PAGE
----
Back HCV Treatment AASLD 2012: Daclatasvir + Asunaprevir + BMS-791325 Cures Hard-to-treat Hepatitis C Patients

AASLD 2012: Daclatasvir + Asunaprevir + BMS-791325 Cures Hard-to-treat Hepatitis C Patients

alt

Twelve weeks of treatment with a 3-drug combination of new hepatitis C direct-acting antivirals that included neither pegylated interferon nor ribavirin led to sustained virological response 12 weeks after completion of treatment (SVR12) in up to 94% of previously untreated patients with hepatitis C genotype 1 in a preliminary Phase 2 trial with 16 patients, Gregory Everson from the University of Colorado reported at the American Association for the Study of Liver Diseases Liver Meeting (AASLD 2012) this week in Boston.

[Produced in collaboration with Aidsmap.com]

The combination of drugs, under development by Bristol-Myers Squibb, contained 3 classes of direct-acting antiviral agents that target different stages of HCV replication:

  • Daclatasvir (formerly BMS-790052), an HCV NS5A inhibitor;
  • Asunaprevir (formerly BMS-650032), a protease inhibitor;
  • BMS-791325, a non-nucleoside polymerase inhibitor.

The study was designed to provide preliminary information on whether adding BMS-791325 to asunaprevir and daclatasvir would improve the efficacy of an interferon-sparing regimen in patients with difficult-to-treat HCV genotype 1a, and whether a higher dose of this drug had a substantial effect on efficacy. The study was also designed to test whether it was possible to shorten the treatment duration to 12 weeks when using this 3-drug combination in all patients, or to shorten treatment according to sub-genotype.

Another study described earlier at the conference showed that while daclatasvir and asunaprevir dual therapy was effective for most people with easier-to-treat HCV genotype 1b, those with genotype 1a needed to add interferon, ribavirin or potentially another direct-acting drug.

Everson's study compared 12- and 24-week treatment regimens, and also 2 doses of BMS-791325 (75 mg and 150 mg twice daily). All patients received asunaprevir (200 mg twice daily) and daclatasvir (60 mg once daily).

Participants were randomized to receive either 75 mg or 150 mg BMS-791325 twice-daily, and then were further randomized to receive either 12 or 14 weeks of treatment.

The results presented at AASLD comprised SVR12 results from the patients randomized to receive 75 mg BMS-791325 for 12 weeks, and SVR4 results (continued undetectable HCV 4 weeks after completing treatment) from those randomized to receive the 75 mg dose for 24 weeks.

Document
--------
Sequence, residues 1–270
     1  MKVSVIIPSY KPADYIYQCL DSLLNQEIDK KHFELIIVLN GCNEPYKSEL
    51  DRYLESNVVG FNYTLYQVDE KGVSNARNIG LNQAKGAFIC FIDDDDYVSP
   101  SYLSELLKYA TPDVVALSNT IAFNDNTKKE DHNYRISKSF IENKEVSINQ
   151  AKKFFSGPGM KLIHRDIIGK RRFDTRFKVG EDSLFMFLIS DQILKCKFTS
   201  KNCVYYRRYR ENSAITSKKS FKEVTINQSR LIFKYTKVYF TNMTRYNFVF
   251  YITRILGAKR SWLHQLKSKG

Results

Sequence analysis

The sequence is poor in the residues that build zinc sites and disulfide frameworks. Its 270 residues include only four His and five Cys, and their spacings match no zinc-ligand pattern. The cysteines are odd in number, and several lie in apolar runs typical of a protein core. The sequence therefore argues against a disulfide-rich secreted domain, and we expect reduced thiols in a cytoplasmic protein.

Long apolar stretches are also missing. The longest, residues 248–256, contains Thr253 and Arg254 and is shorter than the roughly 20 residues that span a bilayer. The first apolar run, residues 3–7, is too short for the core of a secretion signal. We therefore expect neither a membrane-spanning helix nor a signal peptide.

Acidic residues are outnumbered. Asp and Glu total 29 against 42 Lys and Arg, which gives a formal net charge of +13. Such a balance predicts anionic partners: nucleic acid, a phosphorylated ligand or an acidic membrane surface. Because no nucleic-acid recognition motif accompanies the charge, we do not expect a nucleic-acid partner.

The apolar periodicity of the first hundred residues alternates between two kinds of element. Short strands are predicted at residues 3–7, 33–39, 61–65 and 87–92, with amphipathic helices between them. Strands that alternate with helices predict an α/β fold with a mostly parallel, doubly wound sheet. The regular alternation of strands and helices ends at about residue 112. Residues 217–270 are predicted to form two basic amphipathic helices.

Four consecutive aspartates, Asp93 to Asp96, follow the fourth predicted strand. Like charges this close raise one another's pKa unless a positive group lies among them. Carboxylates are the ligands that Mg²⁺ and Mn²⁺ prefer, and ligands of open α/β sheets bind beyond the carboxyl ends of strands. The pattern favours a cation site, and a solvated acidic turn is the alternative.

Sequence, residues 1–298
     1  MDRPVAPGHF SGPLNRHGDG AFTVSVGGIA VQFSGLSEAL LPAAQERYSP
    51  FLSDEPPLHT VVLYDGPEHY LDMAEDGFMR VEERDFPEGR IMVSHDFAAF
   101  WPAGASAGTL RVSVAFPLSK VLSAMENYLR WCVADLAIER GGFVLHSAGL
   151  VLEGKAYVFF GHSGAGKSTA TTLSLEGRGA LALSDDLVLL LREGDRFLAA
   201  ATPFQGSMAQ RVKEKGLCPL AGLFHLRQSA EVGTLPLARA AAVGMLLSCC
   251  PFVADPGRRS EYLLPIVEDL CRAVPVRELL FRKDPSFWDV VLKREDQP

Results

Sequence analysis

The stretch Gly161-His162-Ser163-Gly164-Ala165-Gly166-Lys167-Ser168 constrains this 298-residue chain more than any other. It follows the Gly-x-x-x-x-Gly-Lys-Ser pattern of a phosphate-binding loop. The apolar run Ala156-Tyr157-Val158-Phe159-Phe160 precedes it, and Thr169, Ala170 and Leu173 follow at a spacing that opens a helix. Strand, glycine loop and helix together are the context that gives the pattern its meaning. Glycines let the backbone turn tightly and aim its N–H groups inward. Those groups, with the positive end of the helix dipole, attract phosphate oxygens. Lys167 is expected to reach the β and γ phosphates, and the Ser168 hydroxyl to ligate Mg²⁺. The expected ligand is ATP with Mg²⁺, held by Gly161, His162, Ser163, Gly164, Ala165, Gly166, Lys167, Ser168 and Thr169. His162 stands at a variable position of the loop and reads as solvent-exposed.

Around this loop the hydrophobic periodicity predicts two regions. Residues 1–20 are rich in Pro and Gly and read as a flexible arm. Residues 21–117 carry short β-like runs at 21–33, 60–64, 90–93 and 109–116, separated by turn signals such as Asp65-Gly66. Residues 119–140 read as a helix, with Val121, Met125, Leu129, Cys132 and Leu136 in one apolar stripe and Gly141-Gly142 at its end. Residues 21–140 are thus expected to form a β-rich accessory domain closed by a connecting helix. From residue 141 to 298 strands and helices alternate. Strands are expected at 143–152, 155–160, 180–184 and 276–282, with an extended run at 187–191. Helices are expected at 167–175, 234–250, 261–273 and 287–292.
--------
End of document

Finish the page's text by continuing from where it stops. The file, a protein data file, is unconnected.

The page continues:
Investigators recruited 15 treatment-naive chronic hepatitis C patients to each arm of the Phase 2a, open-label study. All had HCV genotype 1 infection.

The participants' median age was 48 years, half were men, 75% were white, 25% were African American, and mean baseline HCV viral load was 6.3 log IU/mL. Only 28% of patients had the IL28B CC mutation predicting favorable response to interferon-containing therapy, and 75% had genotype 1a HCV infection, both indicators of a harder-to-treat patient population.

All patients had a successful treatment response, with viral load falling below the limit of detection (LLOQ) by week 4 of therapy, and all had an end-of-treatment response.

With further follow-up, 94% of patients in each group had a sustained virological response at 4 weeks after the completion of therapy. Amongst those treated for 12 weeks, the SVR12 rate remained the same.

In each arm the non-responders were individuals who either withdrew from the study for reasons other than adverse events or viral breakthrough, or who were lost to follow-up.

By implication, all patients with HCV genotype 1a and a non-CC IL28B host genotype achieved a sustained virological response at week 4 or week 12.

Treatment was well tolerated. There were no discontinuations because of adverse events. The most common side effects were headache, diarrhea, and general weakness. Each of these occurred in over 10% of patients. Only 1 serious adverse event was reported, but this was not thought to be due to the study treatment. No serious (grade 3-4) elevations in liver enzymes or bilirubin were observed.

"Further investigation of this regimen in the treatment of HCV is warranted," the researchers concluded. Phase 3 licensing studies will begin shortly. Results from the higher 150 mg BMS-791325 dose arm are still awaited, as are longer term data that confirm the lack of viral breakthrough beyond 4 weeks after completion of treatment in the 24 week treatment group.

11/16/12

Reference

GT Everson, KD Sims, M Rodriguez-Torres, et al. An Interferon-free, Ribavirin-free 12-Week Regimen of Daclatasvir (DCV), Asunaprevir (ASV), and BMS-791325 Yielded SVR4 of 94% in Treatment-Naive Patients with Genotype (GT) 1 Chronic Hepatitis C Virus (HCV) Infection. 63rd Annual Meeting of the American Association for the Study of Liver Diseases (AASLD 2012). Boston, November 9-13, 2012. Abstract LB-3.

Other Source

Bristol-Myers Squibb. Investigational Triple DAA Regimen of Daclatasvir, Asunaprevir and BMS-791325 Achieved SVR12 of 94% in Treatment-Naive Patients with Genotype 1 Chronic Hepatitis C Infection in Phase II Trial. Press release. November 12, 2012.